Markets Panic – Should You?
- U.S. stocks are off to a rough start in the fourth quarter, with both the S&P 500 and the Dow Jones Industrial Average (Dow) erasing year-to-date gains through October 24. Meanwhile, the technology-heavy Nasdaq Composite index has finally entered correction territory (i.e., a drop of 10% from its recent peak). Markets are being hit from many sides in October – rising interest rates in the United States, uncertainty over an upcoming U.S. election, trade war fears, and various tensions impacting corporate earnings in the U.S.
- While a market sell-off never feels good, volatility remains the natural course of investing and requires investors to focus on the fundamentals. In fact, studies by Fidelity show that, since 1920, the S&P 500 has on average experienced a 5% pullback three times a year, a 10% correction once a year, and a 20% bear market decline every three years. In spite of these regular corrections, markets have still generated positive returns over the long run.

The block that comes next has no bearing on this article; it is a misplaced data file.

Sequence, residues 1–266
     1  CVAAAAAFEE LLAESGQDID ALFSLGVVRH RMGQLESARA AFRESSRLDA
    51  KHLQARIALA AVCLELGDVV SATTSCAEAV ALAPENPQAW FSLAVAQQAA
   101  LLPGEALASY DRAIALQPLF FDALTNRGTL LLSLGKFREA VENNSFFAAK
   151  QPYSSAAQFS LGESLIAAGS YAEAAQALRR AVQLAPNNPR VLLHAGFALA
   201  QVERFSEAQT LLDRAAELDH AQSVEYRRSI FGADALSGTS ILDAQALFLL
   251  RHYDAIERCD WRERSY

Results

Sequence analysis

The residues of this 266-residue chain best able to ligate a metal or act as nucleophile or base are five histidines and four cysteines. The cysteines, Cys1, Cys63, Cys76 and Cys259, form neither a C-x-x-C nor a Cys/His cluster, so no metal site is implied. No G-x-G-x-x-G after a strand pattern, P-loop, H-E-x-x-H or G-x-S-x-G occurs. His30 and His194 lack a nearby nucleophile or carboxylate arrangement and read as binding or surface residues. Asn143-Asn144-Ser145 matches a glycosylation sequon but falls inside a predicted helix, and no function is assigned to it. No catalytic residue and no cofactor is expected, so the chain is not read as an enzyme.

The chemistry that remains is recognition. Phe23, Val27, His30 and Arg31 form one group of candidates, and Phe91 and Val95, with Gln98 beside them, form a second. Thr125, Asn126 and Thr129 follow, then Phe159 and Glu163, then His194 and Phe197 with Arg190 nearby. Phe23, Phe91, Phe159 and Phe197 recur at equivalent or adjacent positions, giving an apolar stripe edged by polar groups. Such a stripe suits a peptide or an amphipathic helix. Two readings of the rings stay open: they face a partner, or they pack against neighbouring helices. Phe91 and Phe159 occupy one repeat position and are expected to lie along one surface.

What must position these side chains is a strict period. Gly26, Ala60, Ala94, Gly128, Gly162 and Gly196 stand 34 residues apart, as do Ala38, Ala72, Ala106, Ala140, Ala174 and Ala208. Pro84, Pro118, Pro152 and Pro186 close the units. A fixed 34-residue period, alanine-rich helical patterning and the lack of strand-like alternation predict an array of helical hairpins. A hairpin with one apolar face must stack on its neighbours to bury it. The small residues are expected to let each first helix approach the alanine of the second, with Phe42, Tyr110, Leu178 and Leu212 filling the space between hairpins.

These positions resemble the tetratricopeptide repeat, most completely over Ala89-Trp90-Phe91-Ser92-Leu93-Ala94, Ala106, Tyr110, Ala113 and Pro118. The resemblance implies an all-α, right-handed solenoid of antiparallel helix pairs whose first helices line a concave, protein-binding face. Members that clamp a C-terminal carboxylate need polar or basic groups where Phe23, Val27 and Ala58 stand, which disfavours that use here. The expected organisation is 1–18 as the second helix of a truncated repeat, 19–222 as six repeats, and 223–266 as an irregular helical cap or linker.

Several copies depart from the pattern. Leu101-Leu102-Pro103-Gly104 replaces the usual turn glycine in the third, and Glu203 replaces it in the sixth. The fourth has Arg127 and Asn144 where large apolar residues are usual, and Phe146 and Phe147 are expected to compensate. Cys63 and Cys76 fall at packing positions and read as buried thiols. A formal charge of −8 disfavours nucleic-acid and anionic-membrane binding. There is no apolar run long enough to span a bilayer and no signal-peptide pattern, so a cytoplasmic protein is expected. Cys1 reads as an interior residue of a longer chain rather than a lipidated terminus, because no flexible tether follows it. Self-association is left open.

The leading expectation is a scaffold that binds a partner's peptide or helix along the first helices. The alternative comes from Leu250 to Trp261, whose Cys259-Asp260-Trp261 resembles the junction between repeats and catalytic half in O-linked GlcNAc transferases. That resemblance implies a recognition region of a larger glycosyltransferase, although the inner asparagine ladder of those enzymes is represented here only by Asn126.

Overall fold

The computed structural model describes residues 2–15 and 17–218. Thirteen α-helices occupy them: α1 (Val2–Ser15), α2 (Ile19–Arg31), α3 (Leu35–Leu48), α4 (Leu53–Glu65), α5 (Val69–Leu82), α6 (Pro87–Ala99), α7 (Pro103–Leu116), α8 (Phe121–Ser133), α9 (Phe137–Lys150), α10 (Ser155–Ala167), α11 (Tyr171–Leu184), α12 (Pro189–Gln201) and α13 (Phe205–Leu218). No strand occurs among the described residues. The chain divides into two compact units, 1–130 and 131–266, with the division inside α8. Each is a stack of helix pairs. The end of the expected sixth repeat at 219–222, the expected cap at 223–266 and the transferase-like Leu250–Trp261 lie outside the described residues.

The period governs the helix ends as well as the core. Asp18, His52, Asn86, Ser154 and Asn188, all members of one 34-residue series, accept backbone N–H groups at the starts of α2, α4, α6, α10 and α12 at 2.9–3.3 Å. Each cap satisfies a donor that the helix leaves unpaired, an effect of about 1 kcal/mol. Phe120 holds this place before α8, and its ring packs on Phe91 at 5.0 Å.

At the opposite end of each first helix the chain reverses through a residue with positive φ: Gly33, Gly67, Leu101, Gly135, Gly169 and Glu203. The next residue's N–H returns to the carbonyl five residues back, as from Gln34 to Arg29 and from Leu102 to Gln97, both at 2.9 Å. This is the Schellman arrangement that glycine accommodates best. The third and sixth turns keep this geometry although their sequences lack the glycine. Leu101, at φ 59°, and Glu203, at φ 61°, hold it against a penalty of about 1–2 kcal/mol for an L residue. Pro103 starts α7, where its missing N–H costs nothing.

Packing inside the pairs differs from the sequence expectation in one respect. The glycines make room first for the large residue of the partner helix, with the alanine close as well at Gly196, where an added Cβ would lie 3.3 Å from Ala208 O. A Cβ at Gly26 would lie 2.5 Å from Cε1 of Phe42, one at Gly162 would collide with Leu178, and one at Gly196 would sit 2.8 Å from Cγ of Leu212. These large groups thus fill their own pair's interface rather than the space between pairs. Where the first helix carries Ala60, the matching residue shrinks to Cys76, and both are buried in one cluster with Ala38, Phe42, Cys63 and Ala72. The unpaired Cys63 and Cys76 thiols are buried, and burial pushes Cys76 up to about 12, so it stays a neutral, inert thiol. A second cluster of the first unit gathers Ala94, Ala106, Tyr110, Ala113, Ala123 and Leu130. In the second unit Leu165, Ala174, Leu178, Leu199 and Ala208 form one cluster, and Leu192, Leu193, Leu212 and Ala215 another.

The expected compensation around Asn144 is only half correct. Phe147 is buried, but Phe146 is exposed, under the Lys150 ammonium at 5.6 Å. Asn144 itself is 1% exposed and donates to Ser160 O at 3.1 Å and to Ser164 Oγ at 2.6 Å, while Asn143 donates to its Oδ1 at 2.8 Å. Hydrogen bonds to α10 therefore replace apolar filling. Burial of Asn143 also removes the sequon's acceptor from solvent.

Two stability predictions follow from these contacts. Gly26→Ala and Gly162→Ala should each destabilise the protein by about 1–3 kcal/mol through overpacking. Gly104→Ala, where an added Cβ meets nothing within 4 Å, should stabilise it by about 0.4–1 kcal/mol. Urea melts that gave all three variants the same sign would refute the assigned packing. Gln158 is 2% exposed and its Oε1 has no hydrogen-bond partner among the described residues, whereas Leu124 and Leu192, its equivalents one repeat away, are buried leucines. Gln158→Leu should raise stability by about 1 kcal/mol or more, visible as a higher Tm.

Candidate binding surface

- While bull markets don’t last forever, declines are generally temporary as well. Investors who understand that and have a plan tailored to their specific financial goals will experience less panic when markets sell off and avoid making the emotional mistakes that often derail their portfolios.